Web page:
What Comes Around Goes Around: Chalkboards

Walking through schools as they prepare for a new flock of students, I never tire of the smells, sights, and sounds. The wax is shiney and new as I squeak along its reflective path. School wax has a distinctive smell that endures even as schools have embraced change after change.  Although the exciting sounds of children have not yet flooded its halls, teachers have been busily preparing to welcome them home.

Chalkboards have hung from school walls from the very first Little House on the Prairie school house.  The feel of chalk dust on my fingertips has been a comfort rather than an allergy to be avoided.  As with many aspects of education, the chalkboard lost its place among the constants of school, and was replaced by the whiteboard with its efficient and allergy free, but headache inducing markers.  Kids and teachers loved the whiteboard with its shiny sheen and lack of chalk dust, but its sterile nature seemed lacking.

Entering schools this past week, I noticed a shift.  The whiteboards were still prominently displayed in the fronts and backs of classrooms, but now there was a shadow waiting to take its place back in the classroom: Chalkboard Paint.  Chalkboard paint on cabinets, on doors, on teacher procured furniture.  And it wasn’t just black chalkboard paint, it was rainbow colored.  It seems that chalkboards are back and making a splash with color alongside its whiteboard nemesis.

As I reflected on my walks through schools in their many stages of preparation, I thought about those chalkboards and the old adage we hear about change:  If you are in it long enough, you will see change come and go and come back around again.  Yes, chalkboards changed to whiteboards and may be coming back again, but their return is marked by a refinement, a growth, that made them better.  As we roll out changes, hopefully with, but many times for teachers, we need to be clear about how a change, although potentially a new iteration of a previous innovation, has been refined and enhanced.  About how this change can be integrated into an already healthy collection of instructional strategies owned and created by teachers.

Change can be good, but under what conditions?  When it builds on what teachers already know. When its rationale is clearly articulated. When teachers have some say, some level of input into how the change impacts them. When it is supported by quality professional development into which teachers have input.  When there is time for inquiry, reflection, and collaboration.  Teachers embrace change even when it comes around again in a new and improved form when they can see the benefits to their students, their own learning, their classroom.

 

 

 

Kids Notice

This weekend my daughter (ten years old) and one of her friends had a sleep over (I call them stay overs, because typically there is little sleep happening) with their American Girl Dolls (AGDs).  Her friend could not bring her full compliment of her AGD army because Julie’s head melted a bit when accidentally left next to the heater, and so she was off to the AGD hospital for a new head (not really a critical part of this story, but a funny anecdote).

My daughter has a rather large AGD house in her room (thanks to her dad and grandpa).  One of the rooms in her house includes a fully stocked school – is that due to her mother’s long standing career in education or the highly effective marketing of the AGD catalogs that seem to arrive at our door as steadily as emails to my inbox.  Anyway, as the girls were setting up to play school, they assigned roles to their dolls.  One of the first roles assigned was to Mia who was honored with the role of intern.  I only overhead this brief interchange as I breezed through my daughter’s room, but it gave me pause to reflect on the impact these  pre-professionals have on our children.  That my daughter and her friend (both of whom have interns in their classrooms this year) thought to include an intern as an important member of their school, tells you how our Professional Development School has become a fully participating member of our school community.  We are not the PSU/SCASD PDS, we are our PDS.  In my recent district newsletter I considered how to refer to our upcoming inquiry conference and went back and forth about is it a university/district PDS or is it just our PDS – the lines being so blurred that the distinct partners are no longer separate entities, but rather an evolved organization that is stronger because of the contributions of both partners.

Hearing the word intern in my house brought this point home to me in such a powerful way.  Not only did it show how integral the PDS is, but it showed me that kids notice.  What we do, what we model in our classrooms, is noticed.  I have been involved in our PDS partnership for fifteen years and have never been more proud of the work educators have contributed to learning – learning of interns, teachers, teacher educators, administrators, and students.  When I asked my daughter about her experiences with interns (she has had an intern in her classroom four of five years), she talked about being proud of being with an intern.  She gets that she is helping interns learn just as her intern helps her learn – just ask her to sing the Buffalo song, written to Roar – and you get the idea (Thank you Mr. Polak!).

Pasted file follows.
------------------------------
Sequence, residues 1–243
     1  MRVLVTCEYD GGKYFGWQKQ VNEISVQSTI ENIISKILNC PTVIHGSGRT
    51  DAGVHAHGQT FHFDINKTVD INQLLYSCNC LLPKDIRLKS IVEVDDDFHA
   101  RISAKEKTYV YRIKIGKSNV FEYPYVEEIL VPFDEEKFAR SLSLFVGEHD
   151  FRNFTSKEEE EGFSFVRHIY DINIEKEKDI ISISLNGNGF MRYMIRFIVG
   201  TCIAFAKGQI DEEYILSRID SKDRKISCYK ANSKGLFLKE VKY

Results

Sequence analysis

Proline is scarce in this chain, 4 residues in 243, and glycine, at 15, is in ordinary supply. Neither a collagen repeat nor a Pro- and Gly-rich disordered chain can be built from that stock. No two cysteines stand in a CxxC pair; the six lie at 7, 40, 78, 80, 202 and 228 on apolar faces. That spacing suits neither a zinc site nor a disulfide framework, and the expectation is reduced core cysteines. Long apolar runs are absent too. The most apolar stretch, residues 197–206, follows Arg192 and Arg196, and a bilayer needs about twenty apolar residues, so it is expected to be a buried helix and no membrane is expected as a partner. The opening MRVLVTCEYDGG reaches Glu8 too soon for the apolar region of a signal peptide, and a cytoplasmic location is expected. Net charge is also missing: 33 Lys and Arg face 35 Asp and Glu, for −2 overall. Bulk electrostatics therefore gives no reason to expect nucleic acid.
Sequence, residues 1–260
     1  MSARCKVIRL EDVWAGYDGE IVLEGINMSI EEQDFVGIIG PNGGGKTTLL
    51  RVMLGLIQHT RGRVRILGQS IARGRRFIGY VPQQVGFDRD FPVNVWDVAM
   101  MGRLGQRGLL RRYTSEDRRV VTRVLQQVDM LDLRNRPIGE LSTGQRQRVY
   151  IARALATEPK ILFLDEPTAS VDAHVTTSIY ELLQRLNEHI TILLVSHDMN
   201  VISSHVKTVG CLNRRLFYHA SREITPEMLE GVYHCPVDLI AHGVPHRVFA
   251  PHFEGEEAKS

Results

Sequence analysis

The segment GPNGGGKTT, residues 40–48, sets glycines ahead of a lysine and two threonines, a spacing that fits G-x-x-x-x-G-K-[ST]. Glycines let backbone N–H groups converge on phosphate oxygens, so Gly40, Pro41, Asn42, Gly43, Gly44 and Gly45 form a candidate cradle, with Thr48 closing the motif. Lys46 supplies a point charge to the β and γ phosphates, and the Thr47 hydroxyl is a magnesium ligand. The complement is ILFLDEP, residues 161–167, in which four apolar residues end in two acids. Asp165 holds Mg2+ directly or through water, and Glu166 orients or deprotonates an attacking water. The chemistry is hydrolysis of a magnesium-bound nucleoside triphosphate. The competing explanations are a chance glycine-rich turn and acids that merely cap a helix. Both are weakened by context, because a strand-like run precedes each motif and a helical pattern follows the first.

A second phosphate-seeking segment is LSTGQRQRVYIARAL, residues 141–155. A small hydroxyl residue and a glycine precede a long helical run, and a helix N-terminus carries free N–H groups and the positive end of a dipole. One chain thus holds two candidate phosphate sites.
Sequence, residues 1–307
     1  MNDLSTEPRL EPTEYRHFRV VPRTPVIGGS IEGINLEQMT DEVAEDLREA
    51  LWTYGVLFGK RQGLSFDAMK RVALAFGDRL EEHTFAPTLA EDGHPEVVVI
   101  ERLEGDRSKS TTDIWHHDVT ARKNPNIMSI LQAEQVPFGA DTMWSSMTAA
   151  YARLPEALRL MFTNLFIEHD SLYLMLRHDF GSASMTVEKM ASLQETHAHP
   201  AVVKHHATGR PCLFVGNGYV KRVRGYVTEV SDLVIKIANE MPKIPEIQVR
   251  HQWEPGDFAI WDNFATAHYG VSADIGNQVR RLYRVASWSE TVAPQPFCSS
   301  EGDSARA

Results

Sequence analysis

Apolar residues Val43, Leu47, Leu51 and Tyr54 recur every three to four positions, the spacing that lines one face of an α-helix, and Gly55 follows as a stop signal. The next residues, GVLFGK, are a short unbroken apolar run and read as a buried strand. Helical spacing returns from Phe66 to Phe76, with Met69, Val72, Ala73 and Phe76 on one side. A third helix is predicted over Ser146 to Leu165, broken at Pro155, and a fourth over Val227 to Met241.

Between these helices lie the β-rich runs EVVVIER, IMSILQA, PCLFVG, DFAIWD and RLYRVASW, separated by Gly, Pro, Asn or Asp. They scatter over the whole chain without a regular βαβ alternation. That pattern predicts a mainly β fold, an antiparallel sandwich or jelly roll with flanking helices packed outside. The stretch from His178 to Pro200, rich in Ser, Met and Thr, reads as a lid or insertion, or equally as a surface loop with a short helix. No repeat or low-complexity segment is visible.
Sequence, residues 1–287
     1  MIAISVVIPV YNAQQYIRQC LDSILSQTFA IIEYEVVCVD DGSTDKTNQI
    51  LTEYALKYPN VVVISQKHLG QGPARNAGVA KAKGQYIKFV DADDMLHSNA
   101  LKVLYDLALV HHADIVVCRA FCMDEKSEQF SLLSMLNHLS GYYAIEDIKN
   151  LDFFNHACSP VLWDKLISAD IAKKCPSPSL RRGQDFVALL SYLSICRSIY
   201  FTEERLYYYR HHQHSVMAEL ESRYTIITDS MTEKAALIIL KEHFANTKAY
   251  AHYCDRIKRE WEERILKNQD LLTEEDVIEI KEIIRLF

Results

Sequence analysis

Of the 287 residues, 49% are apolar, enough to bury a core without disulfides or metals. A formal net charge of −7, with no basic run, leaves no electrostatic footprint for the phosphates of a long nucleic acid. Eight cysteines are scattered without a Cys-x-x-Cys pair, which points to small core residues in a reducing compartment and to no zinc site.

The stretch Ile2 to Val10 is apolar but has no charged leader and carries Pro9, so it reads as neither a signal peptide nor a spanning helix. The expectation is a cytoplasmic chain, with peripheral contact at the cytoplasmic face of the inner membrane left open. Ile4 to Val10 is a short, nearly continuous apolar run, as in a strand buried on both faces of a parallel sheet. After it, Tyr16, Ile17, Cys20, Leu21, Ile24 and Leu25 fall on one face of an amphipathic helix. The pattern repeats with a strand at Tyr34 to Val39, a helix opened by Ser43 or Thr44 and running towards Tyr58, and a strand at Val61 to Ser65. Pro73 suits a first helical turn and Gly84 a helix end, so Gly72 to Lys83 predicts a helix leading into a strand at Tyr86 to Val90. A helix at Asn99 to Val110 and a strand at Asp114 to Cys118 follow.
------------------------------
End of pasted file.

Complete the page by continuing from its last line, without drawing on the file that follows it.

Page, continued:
I found this post waiting for me to complete and realized I never posted it this spring.  Given that we are preparing for another school year and welcoming a fresh class of interns, I thought I would reread it and post it now.  I think it’s a good reminder of how much children notice in our classrooms – whether we are interns, teachers, administrators, or parents, they notice.

 

 

 

 

 

Writing Ramblings

My daughter, who is in fourth grade, voluntarily proclaims that writing is her favorite subject in school (next to PE, recess, and lunch, of course).  What literacy crazed parent/educator would not want to hear that!  I love her passion for writing, the creativity she brings to her work,  the natural voice she is able to draw from her pen, and of course, her sense of humor she naturally includes.

Last night she completed her spelling story for the week.  A task where she needs to take her spelling words and use them in a writing piece of her choosing.  Now I know that our writing purists may scoff at such a writing task, but she took to it like an NFL player preparing for the Superbowl.  Even though the vocabulary was forced upon her, it did not deter her from finding her writing voice, creating an interesting character, and working out a sophisticated plot.  I have to say I was impressed.  The assigned vocabulary actually helped her create an imaginative story, which she viewed as a healthy challenge. How can I get all of these words to make sense in a story?  It motivated her.

However, not all of her writing tasks are as motivating to complete.  When she is assigned a specific topic (even if she gets to pick a topic from a list of topics), the dreaded prompted writing, she freezes.  She drags out her writing and it is painful for all to endure.  She is able to vocalize that she does not like to write for prompts – that she likes writing much better when she gets to choose the topic, even if she does not get to choose all of the words in the writing assignment.  And her writing shows it: she writes better when she can choose her topic.  We know that about reading and writing – choice matters, choice motivates, and choice gives kids voice in their learning. Yet, we are caught in a conundrum of honoring our students’ choices and preparing them for high stakes testing with no choice.